Dragon 2: 0.83 L/kg
Orion: 0.92 L/kg
Federatsiya: 1.18 L/kg

The winner is Shenzhou!
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Online AncientU

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Re: New crew vehicles to scale?
« Reply #11 on: 02/07/2016 10:28 PM »
I just found a really good spacecraft comparison here: http://ciudad-futura.net/category/agitprop/ilustracion-e-infografia/

Thanks! Here are the volume to mass ratios

Soyuz: 1.45 L/kg
Shenzhou: 1.75 L/kg
CST-100: 0.92 L/kg
Dragon 2: 0.83 L/kg
Orion: 0.92 L/kg
Federatsiya: 1.18 L/kg

The winner is Shenzhou!

Are these as-launched masses including LAS and/or trunk?
« Last Edit: 02/07/2016 10:29 PM by AncientU »
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Offline Steven Pietrobon

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Re: New crew vehicles to scale?
« Reply #12 on: 02/08/2016 05:07 AM »
Are these as-launched masses including LAS and/or trunk?

Including trunk and excluding LAS towers, since they are ejected early in ascent.
Akin's Laws of Spacecraft Design #1:  Engineering is done with numbers.  Analysis without numbers is only an opinion.

Offline Elmar Moelzer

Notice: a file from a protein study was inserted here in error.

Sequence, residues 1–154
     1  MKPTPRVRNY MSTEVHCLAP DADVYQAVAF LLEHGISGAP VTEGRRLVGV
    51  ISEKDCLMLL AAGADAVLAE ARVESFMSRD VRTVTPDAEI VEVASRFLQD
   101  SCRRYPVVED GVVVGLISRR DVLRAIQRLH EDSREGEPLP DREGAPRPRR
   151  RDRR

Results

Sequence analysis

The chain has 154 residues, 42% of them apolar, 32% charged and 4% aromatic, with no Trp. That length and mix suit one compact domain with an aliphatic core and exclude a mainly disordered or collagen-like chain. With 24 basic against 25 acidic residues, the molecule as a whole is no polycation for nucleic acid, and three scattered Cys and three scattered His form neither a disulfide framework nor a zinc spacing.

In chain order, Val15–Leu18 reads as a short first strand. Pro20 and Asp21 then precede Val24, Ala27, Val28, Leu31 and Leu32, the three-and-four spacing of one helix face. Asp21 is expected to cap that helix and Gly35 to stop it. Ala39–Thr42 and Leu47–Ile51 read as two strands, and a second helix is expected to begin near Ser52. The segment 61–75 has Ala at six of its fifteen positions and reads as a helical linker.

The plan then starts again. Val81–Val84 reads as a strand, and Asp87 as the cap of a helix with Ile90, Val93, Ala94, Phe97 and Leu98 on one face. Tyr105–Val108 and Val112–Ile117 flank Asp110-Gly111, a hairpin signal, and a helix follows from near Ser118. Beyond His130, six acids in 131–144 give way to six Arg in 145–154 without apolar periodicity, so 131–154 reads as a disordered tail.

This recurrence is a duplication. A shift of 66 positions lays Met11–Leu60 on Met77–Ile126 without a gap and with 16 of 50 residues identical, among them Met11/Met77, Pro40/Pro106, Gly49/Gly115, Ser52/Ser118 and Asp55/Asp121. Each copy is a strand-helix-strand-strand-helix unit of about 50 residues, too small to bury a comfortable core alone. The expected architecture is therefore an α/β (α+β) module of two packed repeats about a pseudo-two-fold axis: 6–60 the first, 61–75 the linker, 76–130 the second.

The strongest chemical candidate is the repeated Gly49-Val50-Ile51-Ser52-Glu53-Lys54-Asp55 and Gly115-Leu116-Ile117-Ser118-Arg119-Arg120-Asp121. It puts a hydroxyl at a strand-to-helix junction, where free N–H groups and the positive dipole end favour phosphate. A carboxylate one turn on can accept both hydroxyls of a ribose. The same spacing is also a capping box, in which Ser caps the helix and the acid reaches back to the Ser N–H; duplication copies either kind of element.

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Re: New crew vehicles to scale?
« Reply #13 on: 02/15/2016 12:06 AM »
Are these as-launched masses including LAS and/or trunk?

Including trunk and excluding LAS towers, since they are ejected early in ascent.
Which puts dragon at a disadvantage since the LAS is an integral part of the space craft. So the comparison is not entirely fair.

Offline Arcas

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Re: New crew vehicles to scale?
« Reply #14 on: 02/15/2016 01:03 AM »
Are these as-launched masses including LAS and/or trunk?

Including trunk and excluding LAS towers, since they are ejected early in ascent.
Which puts dragon at a disadvantage since the LAS is an integral part of the space craft. So the comparison is not entirely fair.
Yeah, obviously, but Orion is designed for BEO, so it's obviously going to weigh more than the less demanding vehicles. If we were competing them, it isn't a fair fight anyways.
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Offline Steven Pietrobon

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Re: New crew vehicles to scale?